That view has since solidified among Republicans. For months, Sens. Lindsey Graham, R-S.C., and Charles Schumer, D-N.Y., have been negotiating an enforcement-legalization plan that largely tracks the 2006 model with some innovative updates, including a “biometric” Social Security card to certify legal status for employment. On balance, their proposal appears more conservative than the 2006 bill.
Yet it has been stalled for weeks because Graham had demanded that a second Republican sign on as a co-sponsor before the legislation is released, and none stepped forward.
It’s a very telling narrative. But what struck my eye was this incidental observation: “The measure almost certainly could have attracted the necessary 218 votes to pass the House. But it died when House GOP leaders refused to bring it to a vote because they concluded that it lacked majority support among House Republicans.”
This was what liberals like to call a bipartisan bill. The very epitome of bipartisanship, actually, according to us. Neither party could have passed it on its own. Yet, it passed in the Senate because 39 Democrats and 23 Republicans came together. And it was poised to pass in the House too, due to a similar coalition of both parties. Yet, House Republicans smothered it in its cradle without any qualms at all.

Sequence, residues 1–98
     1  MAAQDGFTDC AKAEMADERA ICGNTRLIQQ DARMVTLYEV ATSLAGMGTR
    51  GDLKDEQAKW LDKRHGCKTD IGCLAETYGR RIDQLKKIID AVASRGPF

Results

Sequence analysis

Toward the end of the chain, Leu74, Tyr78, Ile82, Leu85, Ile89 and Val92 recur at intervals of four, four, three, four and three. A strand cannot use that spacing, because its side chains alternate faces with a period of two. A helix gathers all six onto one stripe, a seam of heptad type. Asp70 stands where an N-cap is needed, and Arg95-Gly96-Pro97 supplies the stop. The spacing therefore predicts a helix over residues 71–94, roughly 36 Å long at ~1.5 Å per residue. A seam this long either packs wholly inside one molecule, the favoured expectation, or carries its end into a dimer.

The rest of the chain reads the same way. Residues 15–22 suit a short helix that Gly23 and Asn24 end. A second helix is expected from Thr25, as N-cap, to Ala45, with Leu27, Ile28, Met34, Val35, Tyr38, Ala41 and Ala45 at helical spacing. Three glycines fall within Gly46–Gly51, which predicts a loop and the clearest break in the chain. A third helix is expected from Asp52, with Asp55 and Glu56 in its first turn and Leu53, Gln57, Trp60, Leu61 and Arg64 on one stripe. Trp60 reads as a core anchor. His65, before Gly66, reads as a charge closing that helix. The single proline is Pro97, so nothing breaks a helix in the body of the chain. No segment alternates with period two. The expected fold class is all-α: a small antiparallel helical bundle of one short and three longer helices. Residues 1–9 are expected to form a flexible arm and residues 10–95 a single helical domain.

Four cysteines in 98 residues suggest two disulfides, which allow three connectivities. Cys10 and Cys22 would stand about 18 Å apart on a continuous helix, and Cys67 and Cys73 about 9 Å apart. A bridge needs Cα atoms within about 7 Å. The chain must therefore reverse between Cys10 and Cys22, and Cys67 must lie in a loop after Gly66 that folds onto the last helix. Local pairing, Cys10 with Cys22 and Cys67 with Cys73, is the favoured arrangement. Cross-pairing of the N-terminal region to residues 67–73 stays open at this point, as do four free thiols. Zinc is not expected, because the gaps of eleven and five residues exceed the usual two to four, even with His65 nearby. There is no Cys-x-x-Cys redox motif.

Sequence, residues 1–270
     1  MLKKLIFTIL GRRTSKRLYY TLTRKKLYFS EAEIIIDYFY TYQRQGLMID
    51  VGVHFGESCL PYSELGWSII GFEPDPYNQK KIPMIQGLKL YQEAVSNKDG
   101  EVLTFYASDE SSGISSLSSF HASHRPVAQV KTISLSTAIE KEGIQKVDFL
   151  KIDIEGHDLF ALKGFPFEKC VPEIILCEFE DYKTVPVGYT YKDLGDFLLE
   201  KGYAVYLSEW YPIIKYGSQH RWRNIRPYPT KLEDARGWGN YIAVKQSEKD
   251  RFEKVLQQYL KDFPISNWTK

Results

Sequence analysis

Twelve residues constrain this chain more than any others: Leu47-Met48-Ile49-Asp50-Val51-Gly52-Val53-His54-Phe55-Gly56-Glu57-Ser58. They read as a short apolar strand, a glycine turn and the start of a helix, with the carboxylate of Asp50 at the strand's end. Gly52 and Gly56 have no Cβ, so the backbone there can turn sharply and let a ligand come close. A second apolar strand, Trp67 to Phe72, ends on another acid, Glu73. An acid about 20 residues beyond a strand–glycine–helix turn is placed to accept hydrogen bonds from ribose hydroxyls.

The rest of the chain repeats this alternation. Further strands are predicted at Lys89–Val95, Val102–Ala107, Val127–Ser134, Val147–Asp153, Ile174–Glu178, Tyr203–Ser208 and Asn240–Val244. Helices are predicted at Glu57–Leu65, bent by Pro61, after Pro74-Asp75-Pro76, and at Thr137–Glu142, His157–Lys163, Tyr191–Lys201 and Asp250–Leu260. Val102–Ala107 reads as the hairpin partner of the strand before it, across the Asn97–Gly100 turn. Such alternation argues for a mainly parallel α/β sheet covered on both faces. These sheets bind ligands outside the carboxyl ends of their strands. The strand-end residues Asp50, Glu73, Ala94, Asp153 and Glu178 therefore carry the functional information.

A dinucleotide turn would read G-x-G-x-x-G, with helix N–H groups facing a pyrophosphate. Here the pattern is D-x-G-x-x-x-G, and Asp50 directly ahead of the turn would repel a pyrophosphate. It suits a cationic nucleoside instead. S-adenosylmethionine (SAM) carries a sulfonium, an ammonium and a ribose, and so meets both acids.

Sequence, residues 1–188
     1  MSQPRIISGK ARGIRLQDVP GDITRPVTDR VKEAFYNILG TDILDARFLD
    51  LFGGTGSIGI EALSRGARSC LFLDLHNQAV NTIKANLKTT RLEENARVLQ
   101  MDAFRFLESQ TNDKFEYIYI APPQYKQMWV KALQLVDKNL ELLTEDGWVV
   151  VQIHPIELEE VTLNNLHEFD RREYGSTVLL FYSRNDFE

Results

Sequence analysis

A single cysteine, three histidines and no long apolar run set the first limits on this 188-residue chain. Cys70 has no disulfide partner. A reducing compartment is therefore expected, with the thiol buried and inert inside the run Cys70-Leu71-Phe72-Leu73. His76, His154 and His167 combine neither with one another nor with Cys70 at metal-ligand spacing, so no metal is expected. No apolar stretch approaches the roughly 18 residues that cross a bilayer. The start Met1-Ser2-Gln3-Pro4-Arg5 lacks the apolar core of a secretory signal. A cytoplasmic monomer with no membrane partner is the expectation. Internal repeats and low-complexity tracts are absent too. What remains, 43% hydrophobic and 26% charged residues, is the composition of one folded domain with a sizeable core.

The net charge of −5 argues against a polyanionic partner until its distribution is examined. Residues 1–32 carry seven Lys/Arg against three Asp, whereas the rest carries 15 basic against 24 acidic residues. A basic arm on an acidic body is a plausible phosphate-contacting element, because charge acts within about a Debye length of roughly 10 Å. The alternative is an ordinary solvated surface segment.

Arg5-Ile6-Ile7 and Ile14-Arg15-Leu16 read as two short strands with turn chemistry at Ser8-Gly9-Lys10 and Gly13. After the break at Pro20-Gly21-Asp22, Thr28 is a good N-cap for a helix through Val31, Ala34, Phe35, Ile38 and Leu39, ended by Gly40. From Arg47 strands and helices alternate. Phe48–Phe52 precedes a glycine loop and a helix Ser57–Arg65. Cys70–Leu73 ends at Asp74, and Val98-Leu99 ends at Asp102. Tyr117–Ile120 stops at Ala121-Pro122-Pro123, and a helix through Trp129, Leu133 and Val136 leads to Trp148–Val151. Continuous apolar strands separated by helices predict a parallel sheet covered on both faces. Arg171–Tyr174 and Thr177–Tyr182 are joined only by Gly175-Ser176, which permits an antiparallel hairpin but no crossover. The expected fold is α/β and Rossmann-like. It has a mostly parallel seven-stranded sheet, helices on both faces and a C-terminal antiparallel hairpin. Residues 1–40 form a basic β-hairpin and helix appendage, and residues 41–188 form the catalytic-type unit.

As I read this passage, all of a sudden a lot of things clicked into place, and started to make sense. We’ve obviously been wrong all along about what Republicans mean by bipartisanship.
Since January 2010, Republicans have been shouting themselves hoarse about the lack of bipartisanship displayed by Barack Obama and Democrats. There are a lot of things Obama can be rightly accused of — and we haven’t exactly flinched from the task here at 1115 — but accusations that he has not displayed bipartisanship have always seemed utterly ludicrous. But that’s because we simply didn’t understand what bipartisanship means to Republicans.